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World Food Day activities and ideas for primary schools

World Food Day activities and ideas for primary schools

World Food Day is celebrated every year on the 16th October. This year it once again falls on a school day: Wednesday 16th October 2019.  To mark the occasion, we've gathered some of the best World Food Day activities and ideas on the internet for primary teachers to use in class.


Click to go straight to the activities…


Why is World Food Day celebrated on 16th October?


The Food and Agriculture Organisation of the United Nations (FAO) was founded on this date in 1945.


What is World Food Day?


World Food Day is held to raise awareness of the suffering caused by hunger and obesity, of the importance of nutritious diets and food security, and of the need for more sustainable food systems.


What is 'food security'?


Food security means being able to have adequate supplies of food to live healthily. To have food security:


  • People must have enough money to buy food
  • Food must be affordably-priced
  • There must be reliable supply chains for food
  • There must be enough reserves of food, or reliable enough supply chains for a variety of foods, to ensure that access to food is not interrupted
  • The food available must be nutritious, so those who consume it can lead active, healthy lives


Food factory

For people to have food security, adequate supplies of nutritious food must always be readily available. Food supply chains must be reliable and uninterrupted.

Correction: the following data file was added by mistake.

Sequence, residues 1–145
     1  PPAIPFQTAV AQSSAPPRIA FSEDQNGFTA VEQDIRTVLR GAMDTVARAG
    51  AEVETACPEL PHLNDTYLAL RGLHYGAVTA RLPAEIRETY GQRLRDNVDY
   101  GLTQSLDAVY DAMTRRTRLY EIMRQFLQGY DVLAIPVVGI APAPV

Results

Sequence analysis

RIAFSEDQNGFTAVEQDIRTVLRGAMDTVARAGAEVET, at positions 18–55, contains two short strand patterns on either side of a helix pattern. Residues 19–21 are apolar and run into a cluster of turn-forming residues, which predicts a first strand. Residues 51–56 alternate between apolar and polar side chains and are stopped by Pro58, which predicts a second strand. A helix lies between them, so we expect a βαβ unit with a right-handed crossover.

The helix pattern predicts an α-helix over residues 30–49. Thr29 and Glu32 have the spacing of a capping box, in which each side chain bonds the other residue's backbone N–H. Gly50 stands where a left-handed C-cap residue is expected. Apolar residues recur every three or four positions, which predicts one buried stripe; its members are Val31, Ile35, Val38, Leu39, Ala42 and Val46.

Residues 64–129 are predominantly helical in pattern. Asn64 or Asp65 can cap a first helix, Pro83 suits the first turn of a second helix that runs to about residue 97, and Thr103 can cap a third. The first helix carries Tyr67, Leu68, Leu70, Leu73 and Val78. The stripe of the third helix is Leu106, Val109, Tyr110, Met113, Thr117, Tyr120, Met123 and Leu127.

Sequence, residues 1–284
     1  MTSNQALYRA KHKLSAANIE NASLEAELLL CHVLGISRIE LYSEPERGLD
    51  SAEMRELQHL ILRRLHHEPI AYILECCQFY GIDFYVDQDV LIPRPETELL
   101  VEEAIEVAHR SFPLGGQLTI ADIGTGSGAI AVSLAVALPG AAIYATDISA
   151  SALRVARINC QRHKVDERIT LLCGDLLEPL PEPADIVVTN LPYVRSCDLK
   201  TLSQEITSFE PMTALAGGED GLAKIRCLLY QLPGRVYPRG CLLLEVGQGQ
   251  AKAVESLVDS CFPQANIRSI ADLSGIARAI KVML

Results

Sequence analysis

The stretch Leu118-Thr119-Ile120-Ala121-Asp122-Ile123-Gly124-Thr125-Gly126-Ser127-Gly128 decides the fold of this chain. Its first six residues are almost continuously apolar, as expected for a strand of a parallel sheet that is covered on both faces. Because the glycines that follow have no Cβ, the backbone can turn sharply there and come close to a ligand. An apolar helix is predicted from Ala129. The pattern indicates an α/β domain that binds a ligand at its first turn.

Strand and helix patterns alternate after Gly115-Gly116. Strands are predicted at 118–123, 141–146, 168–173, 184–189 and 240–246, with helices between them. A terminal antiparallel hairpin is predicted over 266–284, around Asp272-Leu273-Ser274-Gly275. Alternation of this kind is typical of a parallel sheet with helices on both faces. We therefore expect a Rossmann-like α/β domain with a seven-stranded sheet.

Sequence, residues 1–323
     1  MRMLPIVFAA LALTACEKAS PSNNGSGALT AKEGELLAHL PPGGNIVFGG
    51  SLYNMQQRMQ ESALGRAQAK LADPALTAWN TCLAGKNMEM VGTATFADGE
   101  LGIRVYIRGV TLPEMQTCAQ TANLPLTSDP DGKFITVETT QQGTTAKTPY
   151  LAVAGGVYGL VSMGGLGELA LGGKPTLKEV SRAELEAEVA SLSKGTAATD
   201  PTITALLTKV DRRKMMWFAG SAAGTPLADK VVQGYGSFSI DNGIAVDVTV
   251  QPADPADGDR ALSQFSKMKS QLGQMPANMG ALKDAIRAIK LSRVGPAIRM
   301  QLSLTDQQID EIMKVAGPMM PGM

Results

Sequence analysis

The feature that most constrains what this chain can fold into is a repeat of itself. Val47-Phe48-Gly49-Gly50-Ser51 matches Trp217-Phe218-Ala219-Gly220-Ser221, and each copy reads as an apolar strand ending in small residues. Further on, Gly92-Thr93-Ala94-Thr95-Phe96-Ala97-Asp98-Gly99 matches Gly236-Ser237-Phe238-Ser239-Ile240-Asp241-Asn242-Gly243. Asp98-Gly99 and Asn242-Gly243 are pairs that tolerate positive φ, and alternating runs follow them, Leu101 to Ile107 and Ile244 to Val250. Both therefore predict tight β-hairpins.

What are 'sustainable food systems'?


Sustainable food systems are balanced. Effective, sustainable food systems affordably provide an adequate amount of food to meet demand while also supporting the ecosystems they rely upon for the production of food.


A good example of a more sustainable food system is the recently announced greenhouse system in Norfolk and Suffolk, set to produce 10% of UK tomatoes. The greenhouses will be heated by warm water pumped from nearby water treatment plants (the heating of the water is a consequence of the water treatment process). This method produces far lower carbon emissions than traditional growing methods. It also reduces food miles and establishes a more reliable supply of food in the local area.


Freshly caught fish

Sustainable food systems and circular economies are vital for protecting the ecosystems which produce our food. Sustainable fishing strategies include fishing quotas and using biodegradable nets.


World Food Day Facts


  • 800 million people around the world suffer from hunger.
  • In parts of the world where hunger is a big issue, life expectancy is shorter, infant mortality is higher, and productivity is lower.
  • Around the same number of people around the world suffer from obesity due to unhealthy diets.
  • Obesity kills more people than hunger.
  • Inefficient, unsustainable food systems harm ecosystems and contribute to global warming. Changing the way we produce food is key to tackling climate change.
  • As the climate changes, we will have to change the way we produce food: yields will decrease, and new food sources will have to be found.
  • In developed countries, tackling obesity would save hundreds of billions of pounds in healthcare costs.
  • In countries where hunger is an issue, eliminating hunger would dramatically increase productivity and national wealth.